Perception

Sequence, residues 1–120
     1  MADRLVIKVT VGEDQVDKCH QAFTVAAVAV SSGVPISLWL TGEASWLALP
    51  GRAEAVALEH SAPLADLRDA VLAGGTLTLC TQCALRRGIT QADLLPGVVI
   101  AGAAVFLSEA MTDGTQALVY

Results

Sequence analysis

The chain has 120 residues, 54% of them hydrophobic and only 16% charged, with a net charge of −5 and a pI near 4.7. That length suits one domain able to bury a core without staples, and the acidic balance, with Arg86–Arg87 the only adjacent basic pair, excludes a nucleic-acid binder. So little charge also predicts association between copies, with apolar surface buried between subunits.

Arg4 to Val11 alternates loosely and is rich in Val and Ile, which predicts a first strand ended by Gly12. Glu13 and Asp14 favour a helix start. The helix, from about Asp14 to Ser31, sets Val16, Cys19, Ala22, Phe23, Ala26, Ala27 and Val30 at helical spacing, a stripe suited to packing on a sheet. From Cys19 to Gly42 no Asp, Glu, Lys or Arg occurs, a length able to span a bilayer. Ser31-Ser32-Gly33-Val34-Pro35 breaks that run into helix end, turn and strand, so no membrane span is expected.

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(from L. perceptio, from percipere, to grasp). Action and effect of apprehending a phenomenon through the senses, whether through the external senses or senses of the intrabody. The external senses comprise the senses of sight, hearing, taste, smell, and the external tactile sense; the internal senses are comprised of cenesthesia, kinesthesia, and the internal tactile sense. Atomistic psychology has sought to decompose perceptions into sensations and to view the consciousness as nothing more than the passive recipient of stimuli originating in the external world. Today, Humanist psychology (*) considers p. to be a dynamic structure of sensations in which the consciousness actively organizes the data received through the pathways of the senses. Humanist psychology distinguishes between p. of landscapes (*landscape) and simple perceptions. In every p. the phenomena of attitude, evaluation and preferences concerning a given stimulus are always present. This lets us view the p. of landscapes as interactive, moving beyond an exclusive attention to the cognitive and the experimental. In the social psychology of N.H. the concept of “landscape” allows the development and application of a method yielding a rich knowledge of different cultures and their modes of perceiving the world.